Soft-tissue complications often dictate the success of limb salvage and the overall outcome of open fractures. Based on prior work at the R Adams Cowley Shock Trauma Center, the authors hypothesize that wounds larger than 200 cm2 are associated with a greater likelihood of both flap-related reoperation and wound complications among patients requiring soft-tissue reconstruction with a rotational flap or free tissue transfer.
This study was a secondary analysis of Fluid Lavage in Open Wounds trial data that included all patients who received a rotational or free tissue flap transfer for an open fracture. The primary outcome was flap-related reoperation within 12 months of injury. The secondary outcome was wound complication, which included events treated operatively or nonoperatively. Multivariable logistic regression was used to assess the association between wound size and outcomes, adjusting for confounders.
Seventeen percent of the 112 patients required a flap-related reoperation. A wound size greater than 200 cm2 was not associated with reoperation in an unadjusted model (p = 0.64) or adjusting for Gustilo type (p = 0.70). The sample had an overall wound complication rate of 47.3 percent. Patients with a wound size of greater than 200 cm2 were three times more likely to experience wound complications (OR, 3.05; 95 percent CI, 1.08 to 8.62; p = 0.04) when adjusting for moderate to severe wound contamination and wound closure in the operating room.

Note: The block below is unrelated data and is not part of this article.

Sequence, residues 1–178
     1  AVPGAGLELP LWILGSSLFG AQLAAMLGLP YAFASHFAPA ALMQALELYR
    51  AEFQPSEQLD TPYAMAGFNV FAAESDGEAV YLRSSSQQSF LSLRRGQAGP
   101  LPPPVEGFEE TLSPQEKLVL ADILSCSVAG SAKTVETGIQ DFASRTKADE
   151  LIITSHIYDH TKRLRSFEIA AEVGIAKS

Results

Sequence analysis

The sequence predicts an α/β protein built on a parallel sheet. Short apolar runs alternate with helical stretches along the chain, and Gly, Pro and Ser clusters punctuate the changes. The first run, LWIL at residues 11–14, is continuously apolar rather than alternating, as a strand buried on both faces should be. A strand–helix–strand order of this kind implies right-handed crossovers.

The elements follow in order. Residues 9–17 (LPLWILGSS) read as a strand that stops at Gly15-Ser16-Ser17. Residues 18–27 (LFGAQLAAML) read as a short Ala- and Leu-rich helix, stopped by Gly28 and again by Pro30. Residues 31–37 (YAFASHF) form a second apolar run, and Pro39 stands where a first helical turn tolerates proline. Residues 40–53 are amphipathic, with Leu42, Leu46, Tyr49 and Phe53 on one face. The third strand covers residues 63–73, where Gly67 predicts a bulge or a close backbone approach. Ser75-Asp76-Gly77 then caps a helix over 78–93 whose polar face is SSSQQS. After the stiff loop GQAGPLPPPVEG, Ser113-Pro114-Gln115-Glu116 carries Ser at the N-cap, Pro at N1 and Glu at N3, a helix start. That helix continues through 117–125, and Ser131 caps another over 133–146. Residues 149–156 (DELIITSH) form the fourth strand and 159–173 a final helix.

The findings of this study demonstrate that wound surface area is an integral determinant for wound complication following soft-tissue flap treatment, but found no association between wound surface area and flap-related reoperation rates.
Baltimore, Md.; Greenville, S.C.; and Hamilton, Ontario, Canada
From the Departments of Orthopaedics and Epidemiology and Public Health, University of Maryland School of Medicine; the Department of Health Research Methods, Evidence and Impact, and the Division of Orthopaedic Surgery, Department of Surgery, McMaster University; and the Department of Orthopedic Surgery, Greenville Health System.
Received for publication April 5, 2017; accepted November 8, 2017.
This trial is registered under the name “Fluid Lavage of Open Wounds,” ClinicalTrials.gov identification number (NCT00788398).
Trial authors from the Fluid Lavage in Open Wounds investigators are listed in the Appendix.
Disclosure:Dr. Bhandari reports receiving consulting fees from Stryker, Smith & Nephew, Amgen, Eli Lilly, DJO Global, Zimmer, and Ferring Pharmaceuticals, and grant support from Stryker, Amgen, DePuy Synthes, Eli Lilly, and DJO Global. Dr. Jeray receives consulting fees from Zimmer and Eli Lilly and lecture fees from Zimmer and AO North America. Dr. Petrisor reports consulting fees from Stryker and Pfizer, and research support from Stryker and Zimmer. Dr. Sprague is an employee of Global Research Solutions. Dr. Pensy reports consulting fees from Globus Medical. Dr. Slobogean reports being a paid presenter for Zimmer Biomet. No other potential conflict of interest relevant to this article was reported.
Raymond A. Pensy, M.D., R Adams Cowley Shock Trauma Center, Department of Orthopaedics, University of Maryland School of Medicine, 22 South Greene Street, Baltimore, Md. 21201, firstname.lastname@example.org